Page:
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In what ways has Roman Catholicism been an example of both religious tradition and dissent in England?

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In what ways has Roman Catholicism been an example of both religious tradition and dissent in England? Part 1 - Essay Plan Tradition 1533 despite break from Rome religious practice was largely unchanged. 1553-58 Mary I attempt to re-establish Catholicism, Cranmer executed. 1563 Elizabeth I retains hierarchy of bishops in CofE and some other Catholic elements 1605 Tradition = Superstition Dissent = Tradition New Dissent split between Prot + Cath Dissent 1533 renounced authority of pope, dissolved monasteries, Thomas Cranmer (Protestant) becomes archbishop of Canterbury 1549 Cranmer's new Protestant order of service imposed, revised 1552 (more Protestant) 1559-63 Protestant worship enforced but with Catholic elements, in an attempt to find middle ground. 1571 Edmund Grindal (reading 3.2) destruction of anything related to "superstition" Paragraph 1 - Introduction - when did dissent start? What caused it? Paragraph 2 - exploration of tradition and beginning of dissent Paragraph 3 - Finding the balance of tradition and dissent Paragraph 4 - All change, dissent now tradition, new dissent. Paragraph 5 - stability in 18th Century Paragraph 6 - Conclusion OPTION 1 In what ways has Roman Catholicism been an example of both religious tradition and dissent in England? Part 2 - Essay The Roman Catholic Church was widely unchallenged in England until 1533. ...read more.


This radical reversal of all of the dissenting policies led to the abolition of Cranmer's prayer book and order of service, and the summary execution of Cranmer himself, while many of the other leaders of the Protestant movement went into exile. Whilst the Roman Catholic Church's revival in England was accepted by the many of the population the country was still divided, the revival was however short lived as Mary I was only on the throne for 5 years before her death and succession by the Protestant Queen Elizabeth I. It was under Elizabeth I that the Church of England began to find some stability and a balance between the tradition and dissent. That is not to say however that Elizabeth I was not a strong Protestant, but she was also a strong politician and recognised that the church was still very much divided between the traditional ways and the Protestant's dissenting ways, it fell to her then to try and strike an amicable balance between the two views. Using religion as a tool to unite her subjects, Elizabeth I began to reintroduce the Protestant ideals but not as strongly as many would have liked. The Protestant Book of Common Prayer was re-introduced and its use enforced by the act of uniformity in 1559, whilst documents like these and the Thirty-Nine Articles of 1563 were heavily Protestant, they also included certain Catholic principles, the hierarchy of bishops for instance. ...read more.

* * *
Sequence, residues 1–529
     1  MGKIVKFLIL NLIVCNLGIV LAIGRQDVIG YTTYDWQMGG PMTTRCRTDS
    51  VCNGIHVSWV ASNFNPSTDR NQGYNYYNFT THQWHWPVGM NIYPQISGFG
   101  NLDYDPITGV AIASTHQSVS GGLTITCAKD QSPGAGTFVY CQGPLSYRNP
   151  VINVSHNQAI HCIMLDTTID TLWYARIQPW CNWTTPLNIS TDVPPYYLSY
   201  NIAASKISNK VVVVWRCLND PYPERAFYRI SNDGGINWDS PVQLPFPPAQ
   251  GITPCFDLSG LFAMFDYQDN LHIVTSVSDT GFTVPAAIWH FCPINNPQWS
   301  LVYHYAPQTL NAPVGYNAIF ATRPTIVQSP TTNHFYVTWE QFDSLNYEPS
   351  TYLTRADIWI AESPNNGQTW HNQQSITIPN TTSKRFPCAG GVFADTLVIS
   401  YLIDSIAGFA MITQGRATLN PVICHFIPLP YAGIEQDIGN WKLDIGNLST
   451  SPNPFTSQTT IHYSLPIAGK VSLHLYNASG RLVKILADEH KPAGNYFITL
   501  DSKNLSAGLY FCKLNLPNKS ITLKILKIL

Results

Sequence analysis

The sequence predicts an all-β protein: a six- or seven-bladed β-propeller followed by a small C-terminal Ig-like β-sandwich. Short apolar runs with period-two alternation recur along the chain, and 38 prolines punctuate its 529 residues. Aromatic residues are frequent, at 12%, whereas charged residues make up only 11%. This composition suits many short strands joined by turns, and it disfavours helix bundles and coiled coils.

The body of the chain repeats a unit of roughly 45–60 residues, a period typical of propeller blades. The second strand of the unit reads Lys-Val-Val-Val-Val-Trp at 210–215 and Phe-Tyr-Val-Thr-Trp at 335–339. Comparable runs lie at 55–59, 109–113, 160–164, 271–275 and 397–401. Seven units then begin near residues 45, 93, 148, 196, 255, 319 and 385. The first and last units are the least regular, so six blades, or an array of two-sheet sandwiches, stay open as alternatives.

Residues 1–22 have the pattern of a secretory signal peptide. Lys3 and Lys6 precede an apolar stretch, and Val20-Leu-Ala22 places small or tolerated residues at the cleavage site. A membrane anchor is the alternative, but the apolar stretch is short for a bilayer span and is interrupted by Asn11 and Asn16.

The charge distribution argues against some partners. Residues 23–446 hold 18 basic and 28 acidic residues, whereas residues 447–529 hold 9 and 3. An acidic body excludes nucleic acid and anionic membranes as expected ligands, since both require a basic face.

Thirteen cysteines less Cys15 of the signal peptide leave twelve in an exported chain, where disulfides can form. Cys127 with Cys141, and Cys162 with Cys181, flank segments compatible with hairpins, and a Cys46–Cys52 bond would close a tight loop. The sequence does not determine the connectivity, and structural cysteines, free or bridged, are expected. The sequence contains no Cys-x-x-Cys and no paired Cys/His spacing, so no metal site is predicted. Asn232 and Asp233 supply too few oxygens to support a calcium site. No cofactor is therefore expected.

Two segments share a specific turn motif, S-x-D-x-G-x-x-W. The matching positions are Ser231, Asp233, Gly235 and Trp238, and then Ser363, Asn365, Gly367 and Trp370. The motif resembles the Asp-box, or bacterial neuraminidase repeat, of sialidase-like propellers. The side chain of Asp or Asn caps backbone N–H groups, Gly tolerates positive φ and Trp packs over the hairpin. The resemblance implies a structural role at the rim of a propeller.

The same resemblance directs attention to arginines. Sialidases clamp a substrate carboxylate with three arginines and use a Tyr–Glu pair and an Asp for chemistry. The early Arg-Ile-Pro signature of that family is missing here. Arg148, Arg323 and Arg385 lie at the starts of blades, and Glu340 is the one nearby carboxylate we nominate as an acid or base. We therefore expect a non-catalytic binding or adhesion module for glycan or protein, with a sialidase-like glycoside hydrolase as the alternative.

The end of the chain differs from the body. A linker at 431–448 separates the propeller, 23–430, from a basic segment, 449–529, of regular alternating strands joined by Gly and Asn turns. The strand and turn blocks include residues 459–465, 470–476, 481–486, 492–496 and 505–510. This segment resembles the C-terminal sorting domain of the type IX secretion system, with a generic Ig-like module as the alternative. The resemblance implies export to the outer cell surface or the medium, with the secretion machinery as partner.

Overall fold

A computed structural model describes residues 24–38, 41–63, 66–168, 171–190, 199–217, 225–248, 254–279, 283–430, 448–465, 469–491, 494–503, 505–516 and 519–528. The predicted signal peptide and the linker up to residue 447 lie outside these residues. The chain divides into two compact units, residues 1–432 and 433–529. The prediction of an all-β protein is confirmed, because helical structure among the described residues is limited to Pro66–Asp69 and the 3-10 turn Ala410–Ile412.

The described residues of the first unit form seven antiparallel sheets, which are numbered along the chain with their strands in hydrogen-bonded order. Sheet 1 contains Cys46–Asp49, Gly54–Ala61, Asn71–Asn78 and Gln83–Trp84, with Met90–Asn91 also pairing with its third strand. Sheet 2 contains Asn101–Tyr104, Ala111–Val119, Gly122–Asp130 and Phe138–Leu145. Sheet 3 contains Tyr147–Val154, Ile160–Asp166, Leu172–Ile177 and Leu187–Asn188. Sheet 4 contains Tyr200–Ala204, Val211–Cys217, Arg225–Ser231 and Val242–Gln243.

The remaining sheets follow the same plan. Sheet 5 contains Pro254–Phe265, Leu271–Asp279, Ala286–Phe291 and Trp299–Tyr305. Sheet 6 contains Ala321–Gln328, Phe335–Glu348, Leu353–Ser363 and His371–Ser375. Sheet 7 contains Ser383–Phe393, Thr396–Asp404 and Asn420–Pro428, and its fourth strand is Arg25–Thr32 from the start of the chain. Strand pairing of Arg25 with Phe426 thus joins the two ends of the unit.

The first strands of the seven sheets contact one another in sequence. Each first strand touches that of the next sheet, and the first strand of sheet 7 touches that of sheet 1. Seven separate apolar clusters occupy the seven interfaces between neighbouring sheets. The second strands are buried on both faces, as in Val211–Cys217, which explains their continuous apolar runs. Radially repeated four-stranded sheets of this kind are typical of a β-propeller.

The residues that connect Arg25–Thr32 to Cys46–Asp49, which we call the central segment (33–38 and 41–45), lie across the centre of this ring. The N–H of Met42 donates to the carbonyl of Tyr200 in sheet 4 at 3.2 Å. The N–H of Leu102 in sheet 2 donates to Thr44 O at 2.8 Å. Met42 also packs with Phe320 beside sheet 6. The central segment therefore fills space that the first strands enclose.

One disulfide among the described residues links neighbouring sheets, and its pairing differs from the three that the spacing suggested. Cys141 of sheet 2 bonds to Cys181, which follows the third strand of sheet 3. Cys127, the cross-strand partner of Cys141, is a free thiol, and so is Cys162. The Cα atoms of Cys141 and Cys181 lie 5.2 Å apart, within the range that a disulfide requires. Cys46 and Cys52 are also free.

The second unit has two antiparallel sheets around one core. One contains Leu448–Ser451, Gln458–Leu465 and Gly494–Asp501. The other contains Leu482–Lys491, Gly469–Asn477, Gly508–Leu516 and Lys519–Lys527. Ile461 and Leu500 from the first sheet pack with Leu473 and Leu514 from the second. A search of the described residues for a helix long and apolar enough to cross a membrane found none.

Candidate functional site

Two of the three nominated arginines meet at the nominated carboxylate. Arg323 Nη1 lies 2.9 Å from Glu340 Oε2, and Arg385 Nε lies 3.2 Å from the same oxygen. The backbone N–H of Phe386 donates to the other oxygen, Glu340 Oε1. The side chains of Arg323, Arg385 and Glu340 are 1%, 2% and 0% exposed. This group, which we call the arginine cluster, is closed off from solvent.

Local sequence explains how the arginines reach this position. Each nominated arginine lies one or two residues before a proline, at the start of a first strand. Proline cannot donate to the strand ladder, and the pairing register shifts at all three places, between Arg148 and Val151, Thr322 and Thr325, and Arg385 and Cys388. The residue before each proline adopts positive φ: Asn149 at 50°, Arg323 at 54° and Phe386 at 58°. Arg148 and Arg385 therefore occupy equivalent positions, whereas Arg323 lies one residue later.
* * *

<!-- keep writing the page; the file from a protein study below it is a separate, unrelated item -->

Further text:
This demonstrates the existence of another dissenting force, the hard line Protestants. With the return of the monarchy in 1660 with the rise of King Charles II the church returned to the new traditional way, bishops were reinstated, a new prayer book published and all dissenting clergymen removed from office. Many of the new religions were however outlawed and persecuted as they were seen as Dissenters. The church continued in a state of flux from then until 1688 when Mary II took the throne and the Protestant Church of England was reaffirmed, the conflicts in the church from this point onwards were greatly reduced. In conclusion I believe that at the start of the 16th Century, Roman Catholicism in England was an example of tradition, it had been the main religious factor in English life for approximately 1000 years, from 1533 onwards however the dissenting force of Protestantism gained power and support. During the 17th Century however the Protestant Church of England was seen as being traditional and was the most accepted religion in England, it was at this point then that Roman Catholicism began to be an example of dissent. I therefore conclude that Roman Catholicism has displayed both tradition and dissent in relation to the religious views of the Church of England. ...read more.

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